1. Potential Clients Control How They Engage – The internet has put them in control. And they like it. The crisis has accelerated the most important habit of consumers of legal services — potential clients expect to dictate the terms of engagement.

2. They Seek Out Useful and Free Information – Information is free, and lawyers no longer have a monopoly on it. Lawyers don’t have any secrets that potential clients feel the need to pay to extract. If lawyers don’t provide them with answers to their questions in their online marketing (usually through our law firm’s website) the potential clients will not provide lawyers with the opportunity to win their business.

3. They Ignore Advertising – As I discuss in greater detail here, advertising sucks. Your potential clients will go out of their way to ignore ads. In fact, potential clients say that, overall, seeing overt ads from lawyers make them respect the lawyer less and decrease the probability that they will hire the lawyer.

4. They Respond to Authenticity – As lawyers, when we understand that our potential clients want to know us before they hire us, we realize how important what we say on our websites really is. Your potential clients want to feel like they are having a conversation with you, even if it’s a one-way conversation as they are reading your website while you are sleeping. If you come across as authentic on your website, they will respond. If you don’t they will seek out a competitor who they feel is more genuine. That’s why it’s so critical that attorneys either write their own content or choose their proxies with care.

5. They Still Respect Your Authority but… – Your potential clients want to defer to you as an authority. That hasn’t changed. They are still scared, lost, overwhelmed, or feeling helpless about their legal problem. But gone are the days when they gave instant and unquestioning respect to lawyers without the lawyer earning it on the clients’ terms. So, by respecting the four points above, lawyers can still ultimately control the relationship (just not its inception).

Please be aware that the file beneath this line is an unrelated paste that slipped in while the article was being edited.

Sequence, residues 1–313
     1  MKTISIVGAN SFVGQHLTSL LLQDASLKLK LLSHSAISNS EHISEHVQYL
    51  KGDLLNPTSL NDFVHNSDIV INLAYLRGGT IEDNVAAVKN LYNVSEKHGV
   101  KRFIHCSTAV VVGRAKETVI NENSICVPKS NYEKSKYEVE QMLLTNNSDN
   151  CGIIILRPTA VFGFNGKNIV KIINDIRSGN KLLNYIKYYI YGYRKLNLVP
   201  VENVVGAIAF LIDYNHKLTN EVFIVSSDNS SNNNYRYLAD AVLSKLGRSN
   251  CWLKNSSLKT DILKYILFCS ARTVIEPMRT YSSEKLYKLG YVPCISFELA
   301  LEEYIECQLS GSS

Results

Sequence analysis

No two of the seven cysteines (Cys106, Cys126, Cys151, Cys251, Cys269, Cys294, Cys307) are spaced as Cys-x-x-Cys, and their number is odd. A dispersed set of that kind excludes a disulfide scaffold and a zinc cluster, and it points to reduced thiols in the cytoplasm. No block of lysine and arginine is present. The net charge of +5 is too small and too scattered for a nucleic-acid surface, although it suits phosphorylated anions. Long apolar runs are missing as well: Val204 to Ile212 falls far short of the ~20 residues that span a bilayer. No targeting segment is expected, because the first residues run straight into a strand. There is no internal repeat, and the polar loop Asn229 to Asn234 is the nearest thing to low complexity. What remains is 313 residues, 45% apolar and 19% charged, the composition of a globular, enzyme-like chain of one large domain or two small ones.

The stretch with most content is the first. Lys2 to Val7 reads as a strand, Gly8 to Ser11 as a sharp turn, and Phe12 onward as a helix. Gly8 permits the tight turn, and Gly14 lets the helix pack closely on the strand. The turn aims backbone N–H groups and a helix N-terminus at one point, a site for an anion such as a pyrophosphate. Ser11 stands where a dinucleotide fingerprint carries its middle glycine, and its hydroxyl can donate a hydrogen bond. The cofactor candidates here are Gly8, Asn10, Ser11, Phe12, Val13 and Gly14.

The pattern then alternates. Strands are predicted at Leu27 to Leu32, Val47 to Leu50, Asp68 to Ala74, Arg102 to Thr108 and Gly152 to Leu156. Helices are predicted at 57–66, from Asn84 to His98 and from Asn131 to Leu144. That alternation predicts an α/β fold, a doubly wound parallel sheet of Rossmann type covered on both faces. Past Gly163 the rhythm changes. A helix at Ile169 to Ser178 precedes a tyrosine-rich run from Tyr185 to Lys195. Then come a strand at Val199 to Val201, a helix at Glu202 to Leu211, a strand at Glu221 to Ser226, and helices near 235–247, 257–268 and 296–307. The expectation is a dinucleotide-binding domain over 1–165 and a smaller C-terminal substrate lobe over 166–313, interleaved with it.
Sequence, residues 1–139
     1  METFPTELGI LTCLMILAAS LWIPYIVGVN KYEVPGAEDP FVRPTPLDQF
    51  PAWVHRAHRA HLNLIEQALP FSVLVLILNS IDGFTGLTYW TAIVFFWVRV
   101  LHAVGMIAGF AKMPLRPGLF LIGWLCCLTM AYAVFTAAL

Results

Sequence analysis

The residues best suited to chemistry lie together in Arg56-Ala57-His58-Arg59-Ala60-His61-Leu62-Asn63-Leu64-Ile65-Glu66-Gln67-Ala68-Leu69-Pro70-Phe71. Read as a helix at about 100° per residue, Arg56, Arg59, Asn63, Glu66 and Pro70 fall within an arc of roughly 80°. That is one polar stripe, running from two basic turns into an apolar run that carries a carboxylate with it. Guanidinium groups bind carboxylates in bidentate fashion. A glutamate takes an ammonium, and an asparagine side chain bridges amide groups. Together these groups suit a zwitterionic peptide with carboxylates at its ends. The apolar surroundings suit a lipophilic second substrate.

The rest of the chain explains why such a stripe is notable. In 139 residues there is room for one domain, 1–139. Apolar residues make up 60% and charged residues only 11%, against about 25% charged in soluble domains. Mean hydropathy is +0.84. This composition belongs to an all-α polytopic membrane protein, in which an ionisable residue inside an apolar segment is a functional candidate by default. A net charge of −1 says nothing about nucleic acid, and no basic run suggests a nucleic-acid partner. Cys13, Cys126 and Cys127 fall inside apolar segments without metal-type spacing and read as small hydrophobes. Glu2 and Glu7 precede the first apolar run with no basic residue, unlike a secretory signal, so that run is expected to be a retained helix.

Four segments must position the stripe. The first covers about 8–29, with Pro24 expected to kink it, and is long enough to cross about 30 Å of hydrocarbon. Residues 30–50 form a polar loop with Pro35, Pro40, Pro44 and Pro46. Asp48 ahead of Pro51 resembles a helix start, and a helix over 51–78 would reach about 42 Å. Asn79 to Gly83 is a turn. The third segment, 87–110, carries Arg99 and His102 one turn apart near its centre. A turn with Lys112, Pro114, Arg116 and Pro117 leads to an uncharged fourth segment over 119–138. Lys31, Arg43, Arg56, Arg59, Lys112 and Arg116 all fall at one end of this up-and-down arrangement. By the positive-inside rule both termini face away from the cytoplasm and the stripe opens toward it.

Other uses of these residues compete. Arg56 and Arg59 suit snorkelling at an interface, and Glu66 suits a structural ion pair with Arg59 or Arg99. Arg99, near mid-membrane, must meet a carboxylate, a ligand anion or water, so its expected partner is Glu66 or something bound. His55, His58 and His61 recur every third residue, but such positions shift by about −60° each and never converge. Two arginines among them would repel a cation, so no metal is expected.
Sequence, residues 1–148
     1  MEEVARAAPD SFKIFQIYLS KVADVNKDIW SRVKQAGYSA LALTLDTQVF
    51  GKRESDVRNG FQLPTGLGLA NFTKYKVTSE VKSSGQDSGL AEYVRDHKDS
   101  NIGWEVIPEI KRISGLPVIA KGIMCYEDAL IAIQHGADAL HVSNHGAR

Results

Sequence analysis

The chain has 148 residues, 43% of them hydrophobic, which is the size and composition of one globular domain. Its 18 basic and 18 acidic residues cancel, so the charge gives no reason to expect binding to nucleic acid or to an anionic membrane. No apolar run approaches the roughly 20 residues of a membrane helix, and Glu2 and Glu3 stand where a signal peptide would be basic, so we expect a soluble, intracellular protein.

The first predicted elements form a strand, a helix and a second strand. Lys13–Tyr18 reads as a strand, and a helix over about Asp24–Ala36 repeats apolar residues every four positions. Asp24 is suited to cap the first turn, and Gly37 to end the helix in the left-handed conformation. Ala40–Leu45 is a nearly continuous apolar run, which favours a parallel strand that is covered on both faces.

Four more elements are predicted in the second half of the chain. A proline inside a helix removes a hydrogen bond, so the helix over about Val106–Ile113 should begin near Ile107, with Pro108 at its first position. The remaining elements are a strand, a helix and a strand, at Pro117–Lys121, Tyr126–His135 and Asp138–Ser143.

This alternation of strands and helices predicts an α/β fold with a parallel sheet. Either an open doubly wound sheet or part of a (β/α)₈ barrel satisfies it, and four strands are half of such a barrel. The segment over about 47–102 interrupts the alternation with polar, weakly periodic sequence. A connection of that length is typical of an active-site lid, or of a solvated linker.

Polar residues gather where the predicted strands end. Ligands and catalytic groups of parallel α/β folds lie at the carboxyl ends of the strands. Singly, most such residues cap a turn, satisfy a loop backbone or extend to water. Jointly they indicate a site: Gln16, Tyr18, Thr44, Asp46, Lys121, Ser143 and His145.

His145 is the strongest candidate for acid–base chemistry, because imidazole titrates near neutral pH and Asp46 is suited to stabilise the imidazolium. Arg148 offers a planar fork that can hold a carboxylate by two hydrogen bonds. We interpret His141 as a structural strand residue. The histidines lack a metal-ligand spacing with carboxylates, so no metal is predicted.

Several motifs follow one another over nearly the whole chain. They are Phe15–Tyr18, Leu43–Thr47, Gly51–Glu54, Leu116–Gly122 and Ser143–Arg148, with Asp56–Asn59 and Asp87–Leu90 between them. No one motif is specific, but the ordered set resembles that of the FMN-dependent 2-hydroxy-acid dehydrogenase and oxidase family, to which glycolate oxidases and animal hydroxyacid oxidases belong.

6. They Respond to Easy, and Flee From Hard – The internet makes life easier for consumers. Your website needs to be easy to find, easy to navigate, easy to read, and easy to understand. It needs to be easy for potential clients to understand what their next step is, and easy for them to accomplish it. If your website is poorly designed, cluttered, confusing, or has visual elements that distract or get in the way, your potential clients will feel frustrated (which they process as a flight instinct). They will assume that the whole experience of working with you will be frustrating. And they will hit the back button on their web browser and go to one of your competitors.

Viable potential clients are going to retain an attorney — but will it be you or your competitor? The answer will depend on how your potential clients relate to your firm. And their perception will be guided by their habits.

The crisis has revealed — but not caused — the fact that lawyers are no longer autonomous. We no longer get to make the rules about how clients find and engage with us, and we haven’t for some time.

But the new rules of online client engagement are powerful for attorneys who take the time to understand them and take control of their firm’s marketing. Once attorneys understand how to make today’s reality work for them, their new business development becomes easier, less expensive, and more reliable.

Your potential clients are now in control. But you can be too. It’s not mutually exclusive. And when you are, it feels like your dancing with them rather than trying to lure them in. If you’re already a LawLytics customer, then you know, and we’re here to help you every step of the way. If you’re not with LawLytics yet and want to see how easy and intuitive online marketing can be using LawLytics, schedule a free 20-minute demo to experience it for yourself.

About Dan Jaffe

Attorney Dan Jaffe is the CEO of LawLytics. He tried over 100 cases to verdict while building thriving law practices in Seattle and Phoenix in the 1990s and 2000s. After getting burned by a marketing agency, Dan learned how the internet and search engines really work. He used this knowledge to effectively market his own law practices over the course of a decade, and founded LawLytics in 2011 to make it easy for lawyers to have successful websites without paying a marketing agency or struggling with DIY website builders.